The Solemnity of Our Lord Jesus Christ, King of the Universe
First Reading: Daniel 7:13-14
Responsorial Psalm: Psalm 93:1-2, 5
Second Reading: Revelation 1:5-8
Gospel: According to St. John 18:33-32
This Sunday brings to my mind a phrase that has worked its way into the American lexicon, but has probably never been seen to have any theological significance – “hanging chad.”
To those who are too young to remember the presidential election of 2000, the phrase “hanging chad” was introduced to the nation as that thing upon which the election of either George W. Bush or Al Gore was literally hanging. A chad is a small box on a ballot that would be punched with a stylus in order to remove that box (chad) from the ballot when marking one’s choice for a particular candidate. Because Bush won Florida by less than one-half of one percent of the votes cast there, there needed to be a recount, and thus the discovery of ballots with hanging chads (three corners punched), as well as swinging chads (two corners punched), tri-chads (one corner punched) and the ever-popular pregnant or dimpled chad (pushed but not punched).
How much easier is it in a monarchy? Monarchies don’t have to worry themselves about messy things like elections. When the monarch dies the line of succession literally continues without skipping a beat. There are no recounts, there are no Supreme Court interventions, and there certainly are no hanging chads.
As Americans, we are programmed to see elections, even contested elections with chads hanging and otherwise, as better than the simple succession of a monarchy. In fact, our collective memory as a nation feels justified when the “Parks and Recreation” character Ron Swanson says to a Londoner: “Enjoy the fact that your royal overlords are a frail, old woman and a tiny baby.”
The Irish American in me wanted to high-five Ron. The Irish Catholic in me cringed at the mention of a tiny baby. Catholicism is nothing if not a vision of reality that recognizes that our “royal overlord” is a tiny baby, and a tiny baby born not in a castle, but in a stable.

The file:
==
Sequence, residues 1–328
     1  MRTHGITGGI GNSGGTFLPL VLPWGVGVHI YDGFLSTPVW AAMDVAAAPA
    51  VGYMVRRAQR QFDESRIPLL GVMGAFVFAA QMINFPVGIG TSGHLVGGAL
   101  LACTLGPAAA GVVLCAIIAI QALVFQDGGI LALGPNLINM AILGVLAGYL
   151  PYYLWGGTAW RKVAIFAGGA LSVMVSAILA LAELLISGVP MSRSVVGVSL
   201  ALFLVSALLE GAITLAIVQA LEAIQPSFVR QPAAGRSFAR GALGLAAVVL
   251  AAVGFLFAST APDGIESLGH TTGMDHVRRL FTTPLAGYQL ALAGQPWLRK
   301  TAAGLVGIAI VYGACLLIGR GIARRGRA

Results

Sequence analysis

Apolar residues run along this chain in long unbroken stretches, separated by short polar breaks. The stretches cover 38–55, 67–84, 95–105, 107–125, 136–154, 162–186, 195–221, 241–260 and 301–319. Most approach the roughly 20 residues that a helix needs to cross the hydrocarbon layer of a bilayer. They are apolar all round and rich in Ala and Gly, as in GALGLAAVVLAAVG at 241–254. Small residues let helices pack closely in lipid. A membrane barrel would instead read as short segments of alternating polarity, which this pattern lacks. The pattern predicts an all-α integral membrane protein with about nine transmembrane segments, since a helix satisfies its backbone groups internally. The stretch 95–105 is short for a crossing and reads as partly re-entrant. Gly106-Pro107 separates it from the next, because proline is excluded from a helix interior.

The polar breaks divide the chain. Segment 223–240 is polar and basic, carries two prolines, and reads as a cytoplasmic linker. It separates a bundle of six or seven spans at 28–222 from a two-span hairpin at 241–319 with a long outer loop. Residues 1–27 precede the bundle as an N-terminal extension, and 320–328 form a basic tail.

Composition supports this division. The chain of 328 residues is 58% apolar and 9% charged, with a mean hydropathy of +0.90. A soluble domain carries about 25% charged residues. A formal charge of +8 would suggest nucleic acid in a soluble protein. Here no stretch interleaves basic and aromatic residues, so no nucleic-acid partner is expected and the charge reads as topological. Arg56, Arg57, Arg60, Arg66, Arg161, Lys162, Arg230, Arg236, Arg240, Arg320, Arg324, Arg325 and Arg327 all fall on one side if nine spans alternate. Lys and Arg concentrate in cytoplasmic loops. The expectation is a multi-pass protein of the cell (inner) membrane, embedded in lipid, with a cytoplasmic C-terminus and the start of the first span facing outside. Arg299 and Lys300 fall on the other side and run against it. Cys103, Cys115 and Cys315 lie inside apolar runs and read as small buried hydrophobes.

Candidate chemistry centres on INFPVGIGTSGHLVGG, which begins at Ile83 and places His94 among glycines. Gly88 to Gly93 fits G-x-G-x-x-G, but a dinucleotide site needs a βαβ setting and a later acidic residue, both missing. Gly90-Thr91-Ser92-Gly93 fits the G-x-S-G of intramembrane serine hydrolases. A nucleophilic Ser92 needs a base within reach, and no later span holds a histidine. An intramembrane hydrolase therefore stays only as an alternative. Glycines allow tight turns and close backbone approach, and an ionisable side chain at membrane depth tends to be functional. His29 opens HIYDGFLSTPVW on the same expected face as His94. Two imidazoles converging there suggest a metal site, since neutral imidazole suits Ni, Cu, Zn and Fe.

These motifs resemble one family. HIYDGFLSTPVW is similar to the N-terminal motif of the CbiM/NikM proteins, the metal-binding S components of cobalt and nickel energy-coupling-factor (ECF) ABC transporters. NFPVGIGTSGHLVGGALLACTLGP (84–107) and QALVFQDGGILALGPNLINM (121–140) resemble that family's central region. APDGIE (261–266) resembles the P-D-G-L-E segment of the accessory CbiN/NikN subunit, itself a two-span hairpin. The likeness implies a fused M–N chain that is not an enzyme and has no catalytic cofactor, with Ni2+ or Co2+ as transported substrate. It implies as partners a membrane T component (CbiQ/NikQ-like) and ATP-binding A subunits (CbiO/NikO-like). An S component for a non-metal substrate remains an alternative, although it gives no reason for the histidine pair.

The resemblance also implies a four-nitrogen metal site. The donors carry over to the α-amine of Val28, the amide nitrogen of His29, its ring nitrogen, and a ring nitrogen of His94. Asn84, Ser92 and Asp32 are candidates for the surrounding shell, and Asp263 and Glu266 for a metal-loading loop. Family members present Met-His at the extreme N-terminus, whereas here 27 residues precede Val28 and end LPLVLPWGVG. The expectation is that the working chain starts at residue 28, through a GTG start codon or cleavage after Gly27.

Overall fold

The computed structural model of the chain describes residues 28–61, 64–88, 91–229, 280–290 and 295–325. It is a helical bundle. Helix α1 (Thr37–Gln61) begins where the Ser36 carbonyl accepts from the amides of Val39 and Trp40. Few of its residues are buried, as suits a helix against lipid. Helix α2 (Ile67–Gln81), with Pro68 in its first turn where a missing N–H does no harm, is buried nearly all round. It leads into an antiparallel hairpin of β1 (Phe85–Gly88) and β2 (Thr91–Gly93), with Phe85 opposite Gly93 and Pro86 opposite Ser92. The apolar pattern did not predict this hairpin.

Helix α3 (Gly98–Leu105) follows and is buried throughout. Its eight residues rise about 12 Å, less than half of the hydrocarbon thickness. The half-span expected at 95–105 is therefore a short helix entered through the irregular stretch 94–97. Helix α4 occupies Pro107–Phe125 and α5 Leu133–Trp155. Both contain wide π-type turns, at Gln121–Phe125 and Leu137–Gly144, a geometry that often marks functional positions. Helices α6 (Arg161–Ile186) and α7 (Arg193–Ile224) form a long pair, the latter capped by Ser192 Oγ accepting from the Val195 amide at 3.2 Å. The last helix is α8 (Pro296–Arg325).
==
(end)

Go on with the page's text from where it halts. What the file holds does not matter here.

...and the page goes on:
Today we celebrate the tiny baby who has come into His inheritance as the King of the Universe. We need to put aside our American prejudices and recognize that when one is trying to run the universe monarchy is better than democracy. Today reminds us of one of the great truths of life: God is God, and we are not. No matter how hard any of us works, none of us can ever become King of the Universe.
Sadly, we all can act like the King of the Universe. Anyone who has ever said, “If I were God, then I would have done …” is someone who has played at being King of the Universe. We are taught that anyone can grow up to be president, but it would be rather foolish to be taught that anyone can grow up to be God. That only happened once, and I have a feeling that there was a lot of nepotism involved.
So here we stand at the end of the Church year, looking ahead to the beginning of Advent and the entry of a tiny baby into the world – a tiny baby who is our Royal Overlord. But before we turn our gaze to the stable let us look to the cross and the ultimate triumph of the One who was nailed to it. Let us recognize the King of the Universe in all of His glory as the Alpha and the Omega – the beginning and the end, “the One Who is and Who was and Who is to come, the Almighty.”
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